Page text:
Concepts In Functional Programming

To begin some basic concepts of almost any programming language include variables, control structures, data structures, syntax, and tools. Variables are ways of storing information to be used in your code. Typically they are labeled with a ‘symbolic name’ which describes the information they store though they are sometimes obscured. The value or information can be retrieved by referring to the name. Control structures are the decision making part of your code. They analyse variables and makes a decision based on a strict set of rules to determine the flow of the code through your program. Data structures are the way the computer stores and organizes data. Syntax is the rules or writing code like grammar is the rules of writing human language. This varies the most between languages. Finally, tools are parts of a language used to make coding easier.

“Functional code is characterized by one thing: the absence of side effects.” ~ Mary Rose Cook

Functional programming is not new. Haskell is one of the most purely functional languages and has been around since 1990. It is a programming paradigm or way of structuring code. Some languages can fall into multiple paradigms depending on how the code is written in them. Some paradigms are concerned with the execution of the code whereas others are concerned with the organization of the code and others with the syntactic style.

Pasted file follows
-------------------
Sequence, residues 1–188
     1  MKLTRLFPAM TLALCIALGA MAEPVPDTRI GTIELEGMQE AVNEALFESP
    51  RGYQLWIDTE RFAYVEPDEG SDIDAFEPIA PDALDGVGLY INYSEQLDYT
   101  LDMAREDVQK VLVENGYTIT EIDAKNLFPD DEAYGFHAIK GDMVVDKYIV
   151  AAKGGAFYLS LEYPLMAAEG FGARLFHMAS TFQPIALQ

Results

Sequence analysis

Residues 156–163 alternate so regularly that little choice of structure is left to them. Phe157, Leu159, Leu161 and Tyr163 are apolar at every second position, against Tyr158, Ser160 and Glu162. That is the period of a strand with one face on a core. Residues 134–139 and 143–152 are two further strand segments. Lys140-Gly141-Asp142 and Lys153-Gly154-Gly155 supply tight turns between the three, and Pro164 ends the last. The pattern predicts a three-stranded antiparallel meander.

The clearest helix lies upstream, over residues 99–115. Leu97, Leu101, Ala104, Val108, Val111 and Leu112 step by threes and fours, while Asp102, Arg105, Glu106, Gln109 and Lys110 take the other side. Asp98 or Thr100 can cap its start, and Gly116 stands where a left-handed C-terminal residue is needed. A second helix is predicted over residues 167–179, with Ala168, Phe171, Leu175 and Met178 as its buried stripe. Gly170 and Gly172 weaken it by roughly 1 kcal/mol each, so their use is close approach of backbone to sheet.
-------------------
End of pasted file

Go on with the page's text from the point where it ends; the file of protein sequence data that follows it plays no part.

Episode Breakdown

12:55 The Functional Paradigm

The functional paradigm uses expressions or declarations rather than statements. Expressions are combinations of values and functions that are computed to produce another value. In functional programming the result of an expression can be another function to be evaluated.

Computation is treated as the evaluation of mathematical functions. This avoids changing state or mutable data. Outputs are always the same with the same inputs and are not state dependant.

“If you think of this as something bolted onto algebra it makes a lot more sense.”

One of the biggest advantages of functional programming is the ability to run programs concurrently. When a function can change an object’s state it can be a mess for concurrency if the state is not managed properly.

16:29 Based on Lambda Calculus

“It’s meta math.”

All functions can be written anonymously. The only thing effecting the function is the arguments passed into it. This is where Lambda (anonymous) functions get their name.

All functions go through currying. When invoked with multiple arguments a function will only set one variable in the list. Then it returns a function with one less argument that is immediately invoked. This only works because state changes cannot effect the pure function.

“It’s something that makes sense given the other restrictions.”

Lambda calculus and therefore functional programming contain free and bound variables. A bound variable is bound to the lambda expression and can be replaced by any input. A free variable is a variable within the expression that is not effected by the input. Beta reductions is the concept that bound variables can be replaced by the inputs they represent.

22:07 Functions Are Pure